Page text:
ARTIQ Reviews ‘Ferrari: Under the Skin’ at Design Museum
With Ferrari celebrating its 70th-anniversary last summer, it’s no surprise that an exhibition looking at the marque and bearer of the prancing horse opened in London. ‘Ferrari: Under the Skin’ recently ran at the Design Museum in Kensington and I was fortunate to spend a morning with the dozen or so machines that made up the exhibition.
On entering one is confronted with possibly the gem of the exhibition: the first production machine to wear the famous badge, 1947’s 125 S. Small, low, streamlined and sporting numerous banks of louvres, the V12 125 S articulated a design language that would be present in the 166 that followed and identifiable in cars rolling out of Maranello well into the fifties. As a graduate of the School of Industrial Design at CSM, for me the room following this provided the most interest of the entire show. Full-scale clay models and wooden moulds sat beside cases of engine components and body panels, each wonderfully sculptural and fascinating. All around the room, original design studies for numerous Ferrari models through the decades accompanied a video of engineers building the very J50 clay model that occupied the central dais.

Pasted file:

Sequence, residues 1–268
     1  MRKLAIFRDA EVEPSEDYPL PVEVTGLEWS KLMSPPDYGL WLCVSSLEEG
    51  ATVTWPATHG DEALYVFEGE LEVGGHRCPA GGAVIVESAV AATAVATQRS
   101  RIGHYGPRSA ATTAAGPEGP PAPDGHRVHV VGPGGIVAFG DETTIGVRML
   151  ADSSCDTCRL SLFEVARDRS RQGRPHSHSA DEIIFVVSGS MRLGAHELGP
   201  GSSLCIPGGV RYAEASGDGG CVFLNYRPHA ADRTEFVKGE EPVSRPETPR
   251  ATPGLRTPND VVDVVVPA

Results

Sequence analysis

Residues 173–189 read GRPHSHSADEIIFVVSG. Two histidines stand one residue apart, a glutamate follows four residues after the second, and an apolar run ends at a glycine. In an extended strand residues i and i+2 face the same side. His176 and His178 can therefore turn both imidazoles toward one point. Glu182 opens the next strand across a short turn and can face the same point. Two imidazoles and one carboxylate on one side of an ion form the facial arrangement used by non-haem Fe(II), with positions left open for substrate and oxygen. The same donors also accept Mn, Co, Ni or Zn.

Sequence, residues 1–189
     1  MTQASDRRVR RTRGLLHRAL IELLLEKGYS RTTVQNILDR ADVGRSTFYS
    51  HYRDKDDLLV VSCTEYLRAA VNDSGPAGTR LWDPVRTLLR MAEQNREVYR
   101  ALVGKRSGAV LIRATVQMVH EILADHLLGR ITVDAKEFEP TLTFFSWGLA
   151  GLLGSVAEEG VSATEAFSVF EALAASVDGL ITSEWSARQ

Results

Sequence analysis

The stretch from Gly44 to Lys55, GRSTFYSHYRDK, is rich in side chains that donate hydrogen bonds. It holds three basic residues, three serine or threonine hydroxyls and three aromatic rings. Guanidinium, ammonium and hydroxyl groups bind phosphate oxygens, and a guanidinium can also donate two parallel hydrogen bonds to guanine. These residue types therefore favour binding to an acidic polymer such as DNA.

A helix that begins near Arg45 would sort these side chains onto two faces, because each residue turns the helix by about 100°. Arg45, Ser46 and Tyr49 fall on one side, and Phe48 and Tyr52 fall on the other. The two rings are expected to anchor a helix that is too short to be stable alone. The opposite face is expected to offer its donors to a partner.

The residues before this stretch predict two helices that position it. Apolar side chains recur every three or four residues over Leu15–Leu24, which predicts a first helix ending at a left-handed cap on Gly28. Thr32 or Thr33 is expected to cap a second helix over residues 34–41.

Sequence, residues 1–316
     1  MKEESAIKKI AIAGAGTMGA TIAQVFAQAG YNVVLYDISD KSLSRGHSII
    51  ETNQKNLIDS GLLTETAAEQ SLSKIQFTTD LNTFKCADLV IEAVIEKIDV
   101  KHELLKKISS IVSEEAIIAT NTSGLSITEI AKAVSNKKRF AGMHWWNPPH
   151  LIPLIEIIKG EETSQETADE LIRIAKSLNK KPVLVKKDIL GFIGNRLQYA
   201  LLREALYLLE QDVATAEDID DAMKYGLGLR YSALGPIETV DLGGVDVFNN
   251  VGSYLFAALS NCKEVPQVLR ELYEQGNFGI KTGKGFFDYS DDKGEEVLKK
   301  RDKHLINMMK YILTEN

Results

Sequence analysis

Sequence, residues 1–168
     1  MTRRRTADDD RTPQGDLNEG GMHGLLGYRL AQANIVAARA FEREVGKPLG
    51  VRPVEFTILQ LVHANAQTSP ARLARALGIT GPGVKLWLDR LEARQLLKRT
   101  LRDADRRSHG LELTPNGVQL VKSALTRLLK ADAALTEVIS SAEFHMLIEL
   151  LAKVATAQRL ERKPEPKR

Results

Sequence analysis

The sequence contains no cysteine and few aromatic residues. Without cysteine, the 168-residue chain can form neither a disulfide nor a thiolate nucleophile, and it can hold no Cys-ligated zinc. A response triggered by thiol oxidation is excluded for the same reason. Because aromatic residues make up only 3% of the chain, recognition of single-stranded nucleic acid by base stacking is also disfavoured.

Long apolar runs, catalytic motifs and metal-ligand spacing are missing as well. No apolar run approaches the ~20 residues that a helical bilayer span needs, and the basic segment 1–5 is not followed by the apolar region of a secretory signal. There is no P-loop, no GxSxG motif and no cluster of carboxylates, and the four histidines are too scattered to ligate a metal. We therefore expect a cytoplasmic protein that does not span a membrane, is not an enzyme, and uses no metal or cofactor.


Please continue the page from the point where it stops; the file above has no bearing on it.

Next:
Though not a member of Ferrari’s legion of die-hard fans, I wasn’t disappointed by the calibre of vehicles on show, with notable models littering the exhibition. From poster-child F40 to the culturally pervasive Testarossa (of Miami Vice and Wolf of Wall Street fame), there were examples from every epoch of the company’s history, including many garlanded racing machines. Supreme beauty among these and quite a lot more interesting Herr Schumacher’s 2000 championship car: the truly arresting Ferrari 250 GT ‘Sperimentale’, a Lapis coloured teardrop with a DIY wing which did incredibly poorly to be left off all the marketing material.
‘Ferrari: Under the Skin’ provided a glimpse into every element of the brand, notably impressive given the physical size of the actual exhibition. Displaying roughly a dozen cars throughout and curating a great many more artefacts, the Design Museum touched on not only the personal history and ethos of founder Enzo Ferrari but the design, aesthetic and engineering principles, processes and innovations that have and continue to give shape to the marque. As an avid sketcher I found that two hours flew by and that I was able to do a handful of decent drawings. More casual visitors may have found themselves at the gift shop rather sooner though, so I would only recommend this sort of thing to members of the public with a particular mechanical predilection and a fondness for the brand of self-aggrandising pomp associated with motorsport teams.
Alastair Heywood, Art Handling Technician, ARTIQ